This is on HBO tonight - 9PM EDT - anybody else planning on watching?
THEATER REVIEW | 'YOU’RE WELCOME AMERICA. A FINAL NIGHT WITH GEORGE W BUSH'
The Comedy of Ineptitude, Political Division
By BEN BRANTLEY - NY Times - February 6, 2009
The 43rd president of the United States, who is known for his gift for instant nicknames, is generously sharing his talent these days with audiences at the Cort Theater, home to “You’re Welcome America. A Final Night With George W Bush.” Toward the end of this largely unsurprising, uh, celebration of one man’s life and accomplishments, Mr. Bush, reincarnated by the comedian and movie star Will Ferrell, asks theatergoers to tell him their occupations, so he can give them the gift of his own pet names.
“Occupational therapist,” called out one woman at the performance I attended. “Helen Keller,” answered Mr. Ferrell as Mr. Bush, without pausing to think. “Bike messenger,” said another person. “I’ll call you Lance Armstrong,” responded Mr. Ferrell. But the coup de grâce came when a voice (not mine) yelled, “Reviewer,” and the man onstage answered, with the impact of a thrusting sword, “Obsolete profession.”
Touché, Mr. President. Or more to the point: Touché, Mr. Ferrell. The days when criticism of Mr. Bush could be censured as unpatriotic may be long gone, but Mr. Ferrell arrives on Broadway armed with the deflector shield of his sky-high popularity. In “You’re Welcome America,” written by Mr. Ferrell and directed by Adam McKay, the actor provides a critic-proof demonstration of the art that has endeared him to millions of fans around the world: the art of acting stupid, shrewdly, for fun and profit.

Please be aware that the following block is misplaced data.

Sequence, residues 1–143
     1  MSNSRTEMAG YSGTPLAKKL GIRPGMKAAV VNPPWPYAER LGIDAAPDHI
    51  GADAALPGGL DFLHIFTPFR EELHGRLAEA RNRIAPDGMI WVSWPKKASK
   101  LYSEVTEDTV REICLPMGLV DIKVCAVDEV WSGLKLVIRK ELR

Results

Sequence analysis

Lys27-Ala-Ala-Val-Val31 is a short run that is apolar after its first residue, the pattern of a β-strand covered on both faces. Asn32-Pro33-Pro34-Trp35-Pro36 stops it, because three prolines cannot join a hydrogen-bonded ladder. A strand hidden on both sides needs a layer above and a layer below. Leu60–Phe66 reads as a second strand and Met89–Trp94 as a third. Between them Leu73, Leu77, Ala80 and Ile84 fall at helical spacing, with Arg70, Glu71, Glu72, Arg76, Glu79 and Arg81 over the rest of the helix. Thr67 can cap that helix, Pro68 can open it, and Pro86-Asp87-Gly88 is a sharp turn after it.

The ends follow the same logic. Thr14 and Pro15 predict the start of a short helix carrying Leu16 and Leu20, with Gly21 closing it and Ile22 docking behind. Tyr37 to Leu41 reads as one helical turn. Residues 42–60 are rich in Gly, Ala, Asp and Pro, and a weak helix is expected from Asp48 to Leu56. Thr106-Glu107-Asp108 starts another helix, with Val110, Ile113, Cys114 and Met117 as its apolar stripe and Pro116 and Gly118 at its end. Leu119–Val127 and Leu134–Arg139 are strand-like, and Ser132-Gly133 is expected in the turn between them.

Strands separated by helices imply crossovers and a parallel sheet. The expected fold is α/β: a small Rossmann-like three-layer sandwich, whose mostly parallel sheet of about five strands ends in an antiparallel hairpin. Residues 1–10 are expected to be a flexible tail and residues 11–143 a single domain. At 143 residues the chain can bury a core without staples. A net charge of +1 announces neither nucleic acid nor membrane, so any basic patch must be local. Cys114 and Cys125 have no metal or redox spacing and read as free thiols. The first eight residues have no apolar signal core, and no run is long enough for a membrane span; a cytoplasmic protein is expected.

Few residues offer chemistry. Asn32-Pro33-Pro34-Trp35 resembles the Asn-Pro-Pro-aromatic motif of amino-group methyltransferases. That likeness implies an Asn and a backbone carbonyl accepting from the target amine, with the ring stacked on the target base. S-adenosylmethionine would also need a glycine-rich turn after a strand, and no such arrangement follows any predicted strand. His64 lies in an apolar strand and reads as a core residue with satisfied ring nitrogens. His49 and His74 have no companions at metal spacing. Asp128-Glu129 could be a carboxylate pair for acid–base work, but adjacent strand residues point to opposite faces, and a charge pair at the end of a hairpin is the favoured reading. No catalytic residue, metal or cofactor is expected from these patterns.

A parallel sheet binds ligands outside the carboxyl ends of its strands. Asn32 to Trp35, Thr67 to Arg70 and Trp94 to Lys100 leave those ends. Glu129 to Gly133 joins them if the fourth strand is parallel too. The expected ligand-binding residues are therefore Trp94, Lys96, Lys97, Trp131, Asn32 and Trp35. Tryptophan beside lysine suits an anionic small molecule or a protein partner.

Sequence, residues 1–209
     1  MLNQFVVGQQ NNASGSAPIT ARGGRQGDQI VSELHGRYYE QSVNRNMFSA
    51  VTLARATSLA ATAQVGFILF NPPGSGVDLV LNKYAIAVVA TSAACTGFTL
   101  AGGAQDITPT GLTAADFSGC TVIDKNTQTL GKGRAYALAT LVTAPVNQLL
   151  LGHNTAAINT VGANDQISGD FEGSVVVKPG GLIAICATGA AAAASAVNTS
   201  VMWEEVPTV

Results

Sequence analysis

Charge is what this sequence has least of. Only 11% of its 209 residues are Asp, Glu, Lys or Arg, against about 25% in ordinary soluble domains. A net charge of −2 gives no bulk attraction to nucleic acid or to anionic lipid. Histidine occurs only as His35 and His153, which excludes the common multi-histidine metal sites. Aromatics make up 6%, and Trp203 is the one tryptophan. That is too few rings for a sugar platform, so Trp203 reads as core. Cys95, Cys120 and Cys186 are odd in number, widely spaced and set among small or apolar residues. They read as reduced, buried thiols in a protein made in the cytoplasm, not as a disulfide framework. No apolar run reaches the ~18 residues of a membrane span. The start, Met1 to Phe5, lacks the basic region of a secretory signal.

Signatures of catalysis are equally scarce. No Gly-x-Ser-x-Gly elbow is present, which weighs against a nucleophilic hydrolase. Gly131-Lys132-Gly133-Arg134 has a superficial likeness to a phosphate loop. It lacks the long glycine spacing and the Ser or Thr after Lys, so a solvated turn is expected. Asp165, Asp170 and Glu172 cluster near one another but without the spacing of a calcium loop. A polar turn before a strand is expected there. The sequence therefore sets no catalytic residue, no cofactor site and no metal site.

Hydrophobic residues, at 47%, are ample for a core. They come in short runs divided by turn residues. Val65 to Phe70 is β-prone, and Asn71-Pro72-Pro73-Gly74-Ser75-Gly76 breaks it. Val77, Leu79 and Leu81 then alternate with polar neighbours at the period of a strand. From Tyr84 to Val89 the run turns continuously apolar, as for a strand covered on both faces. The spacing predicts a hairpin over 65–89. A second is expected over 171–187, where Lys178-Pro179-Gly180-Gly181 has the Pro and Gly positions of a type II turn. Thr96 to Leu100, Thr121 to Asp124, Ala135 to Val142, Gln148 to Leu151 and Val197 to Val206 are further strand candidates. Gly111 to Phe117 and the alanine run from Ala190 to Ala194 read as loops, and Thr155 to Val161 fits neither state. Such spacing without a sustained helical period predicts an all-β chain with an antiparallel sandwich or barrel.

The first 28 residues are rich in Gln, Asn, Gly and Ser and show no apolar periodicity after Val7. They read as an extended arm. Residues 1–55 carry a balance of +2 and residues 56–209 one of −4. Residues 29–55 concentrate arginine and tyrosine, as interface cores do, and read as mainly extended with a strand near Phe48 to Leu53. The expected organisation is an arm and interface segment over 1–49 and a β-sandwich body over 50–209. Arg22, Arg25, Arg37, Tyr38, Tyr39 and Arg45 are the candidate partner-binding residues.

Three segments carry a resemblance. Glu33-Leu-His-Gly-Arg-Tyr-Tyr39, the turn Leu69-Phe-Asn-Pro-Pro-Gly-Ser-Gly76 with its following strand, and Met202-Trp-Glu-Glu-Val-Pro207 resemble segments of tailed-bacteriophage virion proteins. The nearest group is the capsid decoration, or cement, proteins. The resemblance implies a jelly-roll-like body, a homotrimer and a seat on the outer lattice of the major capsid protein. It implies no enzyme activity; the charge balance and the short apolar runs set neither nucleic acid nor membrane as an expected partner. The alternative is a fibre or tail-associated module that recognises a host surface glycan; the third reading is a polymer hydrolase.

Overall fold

Some might say that this is a talent shared by the man Mr. Ferrell impersonates. But the George W. Bush of “You’re Welcome America” — which officially opened Thursday night but has already been doing near-capacity business in previews — is just stupid, without the shrewdness.
He’s a cocky but bumbling fellow, trapped forever in puberty, always eager to play and eternally armored in the self-assurance that often goes with a lack of self-knowledge. He is given to jaw-dropping malapropisms and misinterpretations, and he has a raunchy exhibitionist streak. He is, in other words, a typical leading man from a Will Ferrell comedy. And his life and times, as portrayed here, are not unlike what might happen if the middle-aged adolescent played by Mr. Ferrell in his recent film “Step Brothers” (directed by Mr. McKay) were, by some bizarre fluke, thrust into the American presidency.
Lyndon B. Johnson and Richard M. Nixon inspired stage satires cast in the mold of Shakespearean and Greek tragedies. Mr. Bush gets a comedy of ineptitude.
By these standards you might say that in cultural terms the George W. Bush of “You’re Welcome America” is exactly the right leader for his time: a man who translated the most enduringly popular movie archetype of the last two decades — the clueless doofus — into the most powerful political position in the world. Further expanding and exaggerating that archetype (as many satirists and op-ed columnists have done), Mr. Ferrell now presents George W. Bush in the White House as the ultimate sequel to “Dumb and Dumber.”